Sourdough Ranch is zoned for agriculture. Only after a two-month public hearing process, in which residents can weigh in at hearings before the Planning Commission and Board of County Commissioners, could a special-use permit be granted.

So when she received a neighbor's complaint about blasts up there, county zoning official Sheryl Decker says, she immediately wrote a letter to Sourdough Ranch LLC, giving notice that county land use regulations had been violated and all blasting was to stop immediately.

By all accounts, NEK did stop soon after that March 26 letter. But neighbors also involved the state Department of Labor and Employment's Division of Oil and Public Safety. Regulators there found NEK had violated its explosives permit, in that it kept no records of its blasts.

NEK officials told regulators they set off "at least" 16 detonations. At $1,000 per offense, division program manager D. Scott Narreau imposed a $16,000 fine.

Chief administrative officer Mark Marchant, a retired Army lieutenant colonel, has downplayed the violations. "NEK is committed to following best practices to ensure full compliance with all state and federal laws and regulations," Marchant wrote to the Indy in a May 7 e-mail. "A minor oversight was brought to our attention which was immediately addressed and rectified."

But Bill Thoennes, spokesman for the state Department of Labor and Employment, said that same day when asked about the issue that it had not been "rectified."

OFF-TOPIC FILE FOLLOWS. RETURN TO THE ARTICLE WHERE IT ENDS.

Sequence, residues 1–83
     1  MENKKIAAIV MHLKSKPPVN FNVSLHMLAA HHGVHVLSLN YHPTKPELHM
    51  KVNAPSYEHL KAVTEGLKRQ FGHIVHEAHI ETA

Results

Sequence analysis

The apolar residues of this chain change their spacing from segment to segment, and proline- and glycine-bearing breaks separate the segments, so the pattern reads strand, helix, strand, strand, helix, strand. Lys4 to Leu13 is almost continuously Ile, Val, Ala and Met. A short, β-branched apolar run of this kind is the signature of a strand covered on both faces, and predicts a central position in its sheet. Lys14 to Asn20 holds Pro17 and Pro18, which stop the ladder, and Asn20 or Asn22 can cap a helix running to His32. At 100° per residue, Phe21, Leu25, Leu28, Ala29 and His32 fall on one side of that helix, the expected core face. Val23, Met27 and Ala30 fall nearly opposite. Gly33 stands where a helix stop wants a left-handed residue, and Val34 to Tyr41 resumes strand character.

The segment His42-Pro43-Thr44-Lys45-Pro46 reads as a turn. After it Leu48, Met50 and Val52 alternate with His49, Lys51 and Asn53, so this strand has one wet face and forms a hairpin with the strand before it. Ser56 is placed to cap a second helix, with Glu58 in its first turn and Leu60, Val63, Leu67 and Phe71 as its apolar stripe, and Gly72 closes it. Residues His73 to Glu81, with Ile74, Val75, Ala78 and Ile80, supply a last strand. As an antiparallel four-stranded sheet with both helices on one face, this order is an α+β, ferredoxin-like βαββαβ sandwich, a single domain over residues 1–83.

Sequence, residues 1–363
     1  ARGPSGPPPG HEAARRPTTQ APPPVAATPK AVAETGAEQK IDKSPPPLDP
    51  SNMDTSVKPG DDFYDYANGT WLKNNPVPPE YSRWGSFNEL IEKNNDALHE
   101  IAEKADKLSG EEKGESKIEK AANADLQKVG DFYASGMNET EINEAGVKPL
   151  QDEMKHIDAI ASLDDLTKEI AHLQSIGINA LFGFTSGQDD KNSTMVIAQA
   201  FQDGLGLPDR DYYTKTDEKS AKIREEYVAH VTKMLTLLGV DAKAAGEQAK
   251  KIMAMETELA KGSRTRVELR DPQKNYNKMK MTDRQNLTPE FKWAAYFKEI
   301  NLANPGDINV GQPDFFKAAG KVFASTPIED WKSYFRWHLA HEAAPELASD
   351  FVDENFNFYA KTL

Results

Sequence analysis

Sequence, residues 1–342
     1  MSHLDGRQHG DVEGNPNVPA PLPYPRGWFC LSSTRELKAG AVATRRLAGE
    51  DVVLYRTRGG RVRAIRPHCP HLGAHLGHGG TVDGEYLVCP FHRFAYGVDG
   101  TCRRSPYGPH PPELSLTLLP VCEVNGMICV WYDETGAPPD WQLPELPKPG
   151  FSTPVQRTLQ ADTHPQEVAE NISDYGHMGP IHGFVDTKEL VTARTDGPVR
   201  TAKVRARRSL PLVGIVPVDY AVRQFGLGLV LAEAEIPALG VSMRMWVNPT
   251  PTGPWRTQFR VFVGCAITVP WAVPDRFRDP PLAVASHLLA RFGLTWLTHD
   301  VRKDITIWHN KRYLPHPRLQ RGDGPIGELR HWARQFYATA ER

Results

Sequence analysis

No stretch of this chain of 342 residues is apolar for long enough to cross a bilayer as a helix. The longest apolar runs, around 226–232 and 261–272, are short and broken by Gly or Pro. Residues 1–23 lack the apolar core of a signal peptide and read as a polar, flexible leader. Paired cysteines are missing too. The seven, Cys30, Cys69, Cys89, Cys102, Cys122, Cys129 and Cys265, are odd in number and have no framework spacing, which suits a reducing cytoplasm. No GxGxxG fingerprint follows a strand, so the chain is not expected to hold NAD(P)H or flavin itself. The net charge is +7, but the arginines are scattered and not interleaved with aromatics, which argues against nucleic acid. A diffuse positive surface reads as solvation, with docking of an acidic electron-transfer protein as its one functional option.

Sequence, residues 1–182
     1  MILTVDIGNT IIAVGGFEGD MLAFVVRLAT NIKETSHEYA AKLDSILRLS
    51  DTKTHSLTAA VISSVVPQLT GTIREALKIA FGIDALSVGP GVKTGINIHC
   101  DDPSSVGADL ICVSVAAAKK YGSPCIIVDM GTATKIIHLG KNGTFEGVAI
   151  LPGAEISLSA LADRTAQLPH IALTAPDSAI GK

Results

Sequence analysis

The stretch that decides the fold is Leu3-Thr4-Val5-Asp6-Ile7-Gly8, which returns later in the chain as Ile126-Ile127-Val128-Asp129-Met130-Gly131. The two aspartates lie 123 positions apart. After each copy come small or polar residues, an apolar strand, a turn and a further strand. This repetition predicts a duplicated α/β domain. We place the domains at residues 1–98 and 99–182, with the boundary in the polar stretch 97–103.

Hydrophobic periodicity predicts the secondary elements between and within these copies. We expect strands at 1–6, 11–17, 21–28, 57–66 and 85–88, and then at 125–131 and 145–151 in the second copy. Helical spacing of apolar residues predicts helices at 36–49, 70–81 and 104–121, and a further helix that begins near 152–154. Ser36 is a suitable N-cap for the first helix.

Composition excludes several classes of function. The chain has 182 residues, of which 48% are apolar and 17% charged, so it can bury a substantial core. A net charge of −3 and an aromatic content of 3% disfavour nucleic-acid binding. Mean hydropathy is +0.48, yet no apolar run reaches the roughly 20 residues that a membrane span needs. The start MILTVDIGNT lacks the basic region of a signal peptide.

Later, on May 24, NEK officials sat down with state officials and "admitted to all violations," Thoennes says. "Most notably," he adds in an e-mail, "the company has taken disciplinary action against the employees who were working at the Sourdough Ranch site and did not keep proper records and the company has promised never again to set any explosives off at the Sourdough Ranch site." He also says the fine should be paid by June 25.

One of many

Marchant, who declined to interview over the phone or in person, writes that NEK "coordinated" with the Woodland Park Police and Fire departments, and the Teller County Sheriff's Office, before training at Sourdough Ranch. In fact, he says, "All inspected and approved NEK's preparations and procedures at the Sourdough Ranch training site prior to our commencing the training."

But Ensminger says he didn't "have any knowledge [NEK] were training in Teller County other than this Sourdough incident." And, contrary to rumors being spread on a local blog called Teller County Talks, he says, his deputies certainly don't train with NEK; at least they haven't since he became sheriff in September 2010.

That said, Ensminger questions the "animosity" toward NEK.

"It appears to me if they're training our military like I think they are — they train the [Army] Rangers, and some of the other elite segments of the military to defend our country — I don't know what the problem is, why they're getting such a bad rap."

The company, which moved here from Albuquerque, N.M., a few years ago, has landed $171.8 million in government contracts since 2007, mostly from the Defense Department, according to usaspending.gov. "The training," writes Marchant, "is designed to save lives by enabling students to recognize and safely operate in an environment involving explosives."

According to NEK's website, the company is owned by a disabled veteran and retired special forces soldiers. "Core competencies" listed are unconventional warfare, tactical training and operational support, offensive cyber and technical forensics, exploitation training and services, intelligence operations and aviation support services. Testimonials include one from a Royal Thai Army Special Warfare officer and another from an Albanian minister of defense.